African Barrick reports $781 million annual loss, despite output increase

African Barrick Gold (LON:ABG) joined the long list of bullion producers affected by last year’s falling prices. Delivering its preliminary results for 2013 Wednesday, the company announced it was slashing its gold reserves by almost a quarter, but said it expected a profitable year on the back of cost cuts and higher production.

Tanzania's largest gold miner posted an annual net loss of US$781 million caused by total impairment charges of $823 million, as the miner wrote down the value of some of its assets in light of lower gold prices. In 2012, African Barrick reported instead a profit of almost $63 million.

The miner, majority owned by Canada's Barrick Gold (TSX, NYSE:ABX), said it aims to cut its benchmark operating costs by up to 19% in 2014 after a 14% reduction last year.

At the same time, the miner vowed to up production to between 650,000 and 690,000 ounces of gold this year, reducing cash costs to between $740 and $790 per ounce sold, and continuing to reduce all-in sustaining costs to $1,000 to $1,175 per ounce sold.

“2013 was a year of significant change within ABG (…) We identified over US$185 million of cost savings across the business ranging from reductions in capital spend, exploration, corporate overheads and organisational structures,” said Chief Executive Brad Gordon, who took the top job in August last year.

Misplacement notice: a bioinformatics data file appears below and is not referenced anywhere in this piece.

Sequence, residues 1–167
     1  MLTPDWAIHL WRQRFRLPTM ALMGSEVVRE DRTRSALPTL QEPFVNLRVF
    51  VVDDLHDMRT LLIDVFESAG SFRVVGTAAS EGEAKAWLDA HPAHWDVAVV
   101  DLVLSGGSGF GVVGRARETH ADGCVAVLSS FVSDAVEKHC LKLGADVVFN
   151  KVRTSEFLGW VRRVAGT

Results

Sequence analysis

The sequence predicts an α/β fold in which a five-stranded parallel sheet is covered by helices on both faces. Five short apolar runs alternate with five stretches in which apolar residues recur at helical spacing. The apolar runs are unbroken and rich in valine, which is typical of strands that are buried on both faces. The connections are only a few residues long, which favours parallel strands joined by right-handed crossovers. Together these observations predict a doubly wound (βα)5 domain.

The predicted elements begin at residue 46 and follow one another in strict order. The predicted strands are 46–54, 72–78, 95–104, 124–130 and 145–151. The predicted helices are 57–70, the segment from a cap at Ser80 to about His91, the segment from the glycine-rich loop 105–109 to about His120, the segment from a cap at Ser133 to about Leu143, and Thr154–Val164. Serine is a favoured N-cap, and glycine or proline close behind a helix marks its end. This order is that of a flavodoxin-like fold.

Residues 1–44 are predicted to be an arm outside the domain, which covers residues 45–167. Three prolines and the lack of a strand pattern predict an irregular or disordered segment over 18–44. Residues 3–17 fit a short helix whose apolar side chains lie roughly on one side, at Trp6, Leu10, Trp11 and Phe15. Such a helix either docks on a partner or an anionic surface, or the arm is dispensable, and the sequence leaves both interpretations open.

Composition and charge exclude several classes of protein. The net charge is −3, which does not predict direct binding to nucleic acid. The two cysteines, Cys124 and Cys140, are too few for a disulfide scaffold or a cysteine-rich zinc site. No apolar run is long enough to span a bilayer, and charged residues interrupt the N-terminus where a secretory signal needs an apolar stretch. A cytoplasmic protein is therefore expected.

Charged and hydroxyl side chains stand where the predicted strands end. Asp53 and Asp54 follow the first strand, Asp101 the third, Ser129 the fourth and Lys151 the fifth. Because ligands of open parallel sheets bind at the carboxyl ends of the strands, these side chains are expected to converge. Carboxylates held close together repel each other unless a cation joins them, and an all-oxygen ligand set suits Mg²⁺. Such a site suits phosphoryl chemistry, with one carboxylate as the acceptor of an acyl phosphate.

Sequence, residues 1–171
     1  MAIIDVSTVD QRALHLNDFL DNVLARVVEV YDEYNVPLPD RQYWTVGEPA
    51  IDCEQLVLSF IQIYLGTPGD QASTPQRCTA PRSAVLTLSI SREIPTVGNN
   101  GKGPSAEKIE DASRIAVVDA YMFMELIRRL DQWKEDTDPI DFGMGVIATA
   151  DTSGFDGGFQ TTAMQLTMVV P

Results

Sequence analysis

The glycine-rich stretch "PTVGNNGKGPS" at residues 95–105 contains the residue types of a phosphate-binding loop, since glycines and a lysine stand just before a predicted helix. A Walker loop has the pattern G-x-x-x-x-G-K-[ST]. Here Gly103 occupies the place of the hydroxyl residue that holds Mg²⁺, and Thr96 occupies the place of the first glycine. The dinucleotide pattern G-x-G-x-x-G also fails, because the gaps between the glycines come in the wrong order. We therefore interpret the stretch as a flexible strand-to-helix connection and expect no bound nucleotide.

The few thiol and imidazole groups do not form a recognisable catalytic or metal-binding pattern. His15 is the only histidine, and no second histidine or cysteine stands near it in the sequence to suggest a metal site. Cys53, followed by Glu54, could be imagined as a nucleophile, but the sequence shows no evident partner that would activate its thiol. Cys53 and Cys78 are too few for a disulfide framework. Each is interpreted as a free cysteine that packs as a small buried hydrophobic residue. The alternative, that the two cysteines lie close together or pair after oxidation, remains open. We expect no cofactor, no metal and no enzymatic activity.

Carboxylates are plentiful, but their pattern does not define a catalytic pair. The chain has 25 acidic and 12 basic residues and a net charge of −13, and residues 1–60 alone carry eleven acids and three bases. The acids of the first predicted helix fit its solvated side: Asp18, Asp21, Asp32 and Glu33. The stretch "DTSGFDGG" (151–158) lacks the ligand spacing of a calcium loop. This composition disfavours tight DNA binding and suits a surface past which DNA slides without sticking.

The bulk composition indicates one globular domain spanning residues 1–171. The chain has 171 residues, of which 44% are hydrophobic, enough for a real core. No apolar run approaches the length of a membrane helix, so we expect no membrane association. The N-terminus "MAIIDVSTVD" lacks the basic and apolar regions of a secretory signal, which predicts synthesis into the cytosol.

North Mara lawsuit

In a statement, London law firm Leigh Day, complained that the company made no mention of the "multiple deaths and injuries" to local villagers that have occurred at the firm's North Mara mine, one of Tanzania’s largest gold mines, over the past year. These allegedly include four deaths at the mine in the past month alone.

According to Gordon, North Mara had "a fantastic" year in 2013. "As far as I am concerned, North Mara is a great asset. You won’t get many better assets than North Mara in Africa. We produced 256,000 ounces at North Mara at reasonable costs,” he said in today's statement.

“It’s sickening that a company that talks about respecting human rights can claim one of its mines had a ‘fantastic year’ at the same time as people are regularly being killed and injured at the mine,” said Richard Meeran, Leigh Day partner, who in July last year launched a lawsuit against African Barrick Gold and North Mara Gold Mine Limited as "accomplices in the killing of at least six local villagers by police."

African Barrick’s shares, which have more than doubled in price since June, went up a further 2.4% to 245p in London today.